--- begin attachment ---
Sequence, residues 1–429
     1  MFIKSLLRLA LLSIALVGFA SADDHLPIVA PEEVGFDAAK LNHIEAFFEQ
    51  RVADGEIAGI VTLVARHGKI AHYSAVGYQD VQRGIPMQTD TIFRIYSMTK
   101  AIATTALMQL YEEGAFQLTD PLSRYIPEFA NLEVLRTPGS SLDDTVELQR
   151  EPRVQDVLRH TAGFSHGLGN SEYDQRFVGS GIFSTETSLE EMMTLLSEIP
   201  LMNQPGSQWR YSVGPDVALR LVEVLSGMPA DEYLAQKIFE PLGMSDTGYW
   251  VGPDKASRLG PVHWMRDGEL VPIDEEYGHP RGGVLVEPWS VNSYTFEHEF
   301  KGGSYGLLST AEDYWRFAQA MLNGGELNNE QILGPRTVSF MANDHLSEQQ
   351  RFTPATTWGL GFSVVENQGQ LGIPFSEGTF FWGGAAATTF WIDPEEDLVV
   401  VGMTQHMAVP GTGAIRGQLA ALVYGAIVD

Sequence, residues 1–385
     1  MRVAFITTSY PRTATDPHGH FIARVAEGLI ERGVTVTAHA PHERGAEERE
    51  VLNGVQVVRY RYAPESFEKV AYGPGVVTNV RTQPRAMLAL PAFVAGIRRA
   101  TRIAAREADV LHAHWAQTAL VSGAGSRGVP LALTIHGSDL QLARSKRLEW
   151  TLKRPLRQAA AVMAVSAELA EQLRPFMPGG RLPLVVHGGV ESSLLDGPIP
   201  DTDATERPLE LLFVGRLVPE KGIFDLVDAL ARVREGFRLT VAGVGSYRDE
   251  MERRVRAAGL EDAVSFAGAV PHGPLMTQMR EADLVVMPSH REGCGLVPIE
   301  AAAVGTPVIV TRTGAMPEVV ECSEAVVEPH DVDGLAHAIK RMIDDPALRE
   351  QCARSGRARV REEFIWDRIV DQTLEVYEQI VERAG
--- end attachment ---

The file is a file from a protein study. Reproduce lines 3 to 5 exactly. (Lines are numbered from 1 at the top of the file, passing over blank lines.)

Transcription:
    51  RVADGEIAGI VTLVARHGKI AHYSAVGYQD VQRGIPMQTD TIFRIYSMTK
   101  AIATTALMQL YEEGAFQLTD PLSRYIPEFA NLEVLRTPGS SLDDTVELQR
   151  EPRVQDVLRH TAGFSHGLGN SEYDQRFVGS GIFSTETSLE EMMTLLSEIP